Lower Peak Forest Canal

Newton Wood Private Branch
& Victoria Colliery

This branch was about 247 yards long and it was situated on the offside of the canal between Dukinfield Hall (or Well) Bridge and Newton Hall Bridge. It was used by the Duknkirk Coal Company and its successors. By 1888, Jamieson's Dye Manufacturing Works had been built alongside it. The Tithe Map of 1850 shows that there was a path on the offside of the canal from Newton Hall Bridge that extended for about two thirds of the length of the branch. It is possible that this was a basic path for boat horses to use rather than a properly constructed towpath with coping stones alongside the canal.

For details of Dunkirk Coal Company click here » Dunkirk Coal Co

Newton Wood Private Branch
Lower Peak Forest Canal

Grid Refs: Newton Wood Private Branch SJ 939 966, Victoria Colliery SJ 944 972
Tithe Map: 1850, Ref: EDT 143/2
Courtesy: Cheshire Archives & Local Studies

Remains of the Newton Wood Private Branch, 8 May 1976.

Victoria and Albert Mills stand in the background on Victoria Road.

Coal from Victoria Colliery was conveyed down a tramway to a staithe on the Newton Wood Private Branch. National Coal Board records refer to this colliery as Newton Wood Colliery and the local name was Lakes Pit. The tramway was just over half a mile long and it was almost in a straight line. It passed below Dewsnap Lane, over the line of the Manchester, Sheffield and Lincolnshire Railway and then over Victoria Road. Between Victoria Road and the staithe the tramway was on a sizeable inclined embankment. Below Dewsnap Lane bridge there was also a turnout leading to a siding alongside the railway so that coal could be taken away by rail as well as by canal. At the foot of the inclined embankment the tramway crossed over the branch. At the branch a waggon tippling device was provided that enabled boats to be loaded with coal. The tramway was rope operated and by the time of the Victoria Colliery Disaster in 1866 it is known that it was double track. Edge rails were used and these were fastened to wooden sleepers.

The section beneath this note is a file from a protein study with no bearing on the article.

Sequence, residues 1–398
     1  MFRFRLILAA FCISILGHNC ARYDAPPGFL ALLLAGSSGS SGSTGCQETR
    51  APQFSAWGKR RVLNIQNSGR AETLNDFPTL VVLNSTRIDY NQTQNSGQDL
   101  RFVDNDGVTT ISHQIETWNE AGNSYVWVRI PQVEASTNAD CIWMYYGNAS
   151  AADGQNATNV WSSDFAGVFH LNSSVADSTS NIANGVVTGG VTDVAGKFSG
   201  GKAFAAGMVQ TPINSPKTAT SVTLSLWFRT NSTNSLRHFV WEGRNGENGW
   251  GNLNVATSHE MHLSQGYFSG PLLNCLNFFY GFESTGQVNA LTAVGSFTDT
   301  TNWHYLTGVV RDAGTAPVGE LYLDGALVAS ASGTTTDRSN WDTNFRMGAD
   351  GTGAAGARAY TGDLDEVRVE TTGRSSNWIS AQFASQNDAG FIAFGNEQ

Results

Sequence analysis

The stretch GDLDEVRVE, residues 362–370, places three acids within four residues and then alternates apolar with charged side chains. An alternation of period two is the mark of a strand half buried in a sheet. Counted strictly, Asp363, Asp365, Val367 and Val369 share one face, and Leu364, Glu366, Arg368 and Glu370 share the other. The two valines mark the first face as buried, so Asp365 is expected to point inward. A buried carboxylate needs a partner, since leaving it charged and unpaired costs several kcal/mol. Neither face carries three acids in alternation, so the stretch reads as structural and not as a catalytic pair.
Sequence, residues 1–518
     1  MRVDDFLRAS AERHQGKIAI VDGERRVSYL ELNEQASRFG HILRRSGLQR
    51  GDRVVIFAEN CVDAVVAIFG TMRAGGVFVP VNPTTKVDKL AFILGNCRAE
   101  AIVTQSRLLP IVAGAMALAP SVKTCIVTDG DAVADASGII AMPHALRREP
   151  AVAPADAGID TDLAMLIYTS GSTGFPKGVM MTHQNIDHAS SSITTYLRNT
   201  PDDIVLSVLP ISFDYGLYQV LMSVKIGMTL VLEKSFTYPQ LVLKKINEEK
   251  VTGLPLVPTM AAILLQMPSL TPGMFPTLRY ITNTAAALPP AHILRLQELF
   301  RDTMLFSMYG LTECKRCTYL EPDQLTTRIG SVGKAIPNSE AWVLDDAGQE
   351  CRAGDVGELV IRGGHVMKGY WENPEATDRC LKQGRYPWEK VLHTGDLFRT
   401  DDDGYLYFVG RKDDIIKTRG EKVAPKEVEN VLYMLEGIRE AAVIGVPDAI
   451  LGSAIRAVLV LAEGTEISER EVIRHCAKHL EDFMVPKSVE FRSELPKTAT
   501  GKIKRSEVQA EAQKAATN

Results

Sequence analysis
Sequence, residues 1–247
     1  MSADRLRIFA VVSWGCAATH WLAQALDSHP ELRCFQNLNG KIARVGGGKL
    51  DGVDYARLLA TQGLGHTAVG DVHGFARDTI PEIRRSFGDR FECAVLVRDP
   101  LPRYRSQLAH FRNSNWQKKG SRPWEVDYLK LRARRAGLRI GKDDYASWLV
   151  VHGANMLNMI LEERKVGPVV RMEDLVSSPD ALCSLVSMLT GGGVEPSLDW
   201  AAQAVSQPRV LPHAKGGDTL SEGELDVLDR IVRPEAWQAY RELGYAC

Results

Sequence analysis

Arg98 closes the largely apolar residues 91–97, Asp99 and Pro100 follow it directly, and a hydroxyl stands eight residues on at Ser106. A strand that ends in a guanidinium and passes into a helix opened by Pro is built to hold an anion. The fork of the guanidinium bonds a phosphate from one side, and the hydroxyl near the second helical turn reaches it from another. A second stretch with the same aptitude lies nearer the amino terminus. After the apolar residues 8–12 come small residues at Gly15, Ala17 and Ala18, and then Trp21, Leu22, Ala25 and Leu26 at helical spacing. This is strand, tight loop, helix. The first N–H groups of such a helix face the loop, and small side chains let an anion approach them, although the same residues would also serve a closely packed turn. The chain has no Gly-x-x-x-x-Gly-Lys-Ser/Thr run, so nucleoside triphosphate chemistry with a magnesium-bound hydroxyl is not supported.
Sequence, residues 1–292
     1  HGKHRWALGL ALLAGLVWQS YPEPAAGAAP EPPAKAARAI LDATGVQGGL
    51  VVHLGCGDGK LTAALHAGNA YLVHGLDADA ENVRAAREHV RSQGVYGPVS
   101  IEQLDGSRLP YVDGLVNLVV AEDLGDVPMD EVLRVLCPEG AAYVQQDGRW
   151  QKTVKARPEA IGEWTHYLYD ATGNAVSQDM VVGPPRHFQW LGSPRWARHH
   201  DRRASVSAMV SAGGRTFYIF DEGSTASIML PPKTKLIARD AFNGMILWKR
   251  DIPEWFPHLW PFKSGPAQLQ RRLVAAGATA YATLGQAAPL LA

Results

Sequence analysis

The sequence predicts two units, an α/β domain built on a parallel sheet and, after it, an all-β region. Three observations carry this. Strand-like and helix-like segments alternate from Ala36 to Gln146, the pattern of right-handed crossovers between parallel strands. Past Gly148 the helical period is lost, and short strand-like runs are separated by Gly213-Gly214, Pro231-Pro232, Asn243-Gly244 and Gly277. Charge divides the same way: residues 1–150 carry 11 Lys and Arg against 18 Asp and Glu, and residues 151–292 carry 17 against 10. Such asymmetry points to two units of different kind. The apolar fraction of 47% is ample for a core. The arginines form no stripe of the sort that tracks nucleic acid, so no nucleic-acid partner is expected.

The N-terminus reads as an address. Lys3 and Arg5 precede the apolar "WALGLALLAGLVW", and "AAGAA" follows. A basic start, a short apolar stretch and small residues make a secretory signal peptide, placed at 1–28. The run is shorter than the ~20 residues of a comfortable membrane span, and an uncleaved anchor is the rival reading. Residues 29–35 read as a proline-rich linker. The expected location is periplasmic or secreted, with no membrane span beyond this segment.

Operations to fill the shaft of Victoria Colliery commenced in September 1903 and today there is no trace to show its former existence. Its site is now a large playing field in the angle between Boyd's Walk and Armadale Road.

The local name of Lakes Pit was derived from 'The Lakes', a large house built near two small reservoirs referred to as lakes. For many years, this house was the home of William Bass, a steward for the Astley family, who was a member of the brewing family. He died in 1889, aged 63 years. A later occupant was Dr Frank Gerald Ralphs (1881 - 1969) a striking man, 6 feet 7 inches tall, who had a military career as a surgeon serving with the Royal Army Medical Corps. Later, he became a Coroner for the area. The two lakes are no longer extant as Dr Ralphs had them drained and filled in after a man drowned in one of them. Dr Ralphs died in 1969, aged 87 years, and he left 'The Lakes' to Mrs Eileen Meredith who converted it into a nursing home. Today, it is still a nursing home and it stands on Ralphs Lane off Boyd's Walk.

Victoria Colliery Disaster, 1866
On the Thursday, 14 June 1866, an underground explosion occurred in which 38 miners were killed. It was an explosion of fire damp, the ignition being caused by a naked flame. At the time of the disaster, the colliery manager was Mr Wadding.

For details of the Victoria Colliery Disaster click here » Victoria Colliery

Line of the former Newton Wood Tramway, 27 July 2007
Looking down the tramway towards Victoria Road. The original tramway bridge over the railway line has been replaced by a footbridge. Looking towards Victoria Road from the footbridge. This section of the tramway is now Wood Street.
The near end of this low stone wall is all that remains of one of the abutments of the tramway bridge over Victoria Road. The brick wall and trees beyond are where the inclined embankment once stood.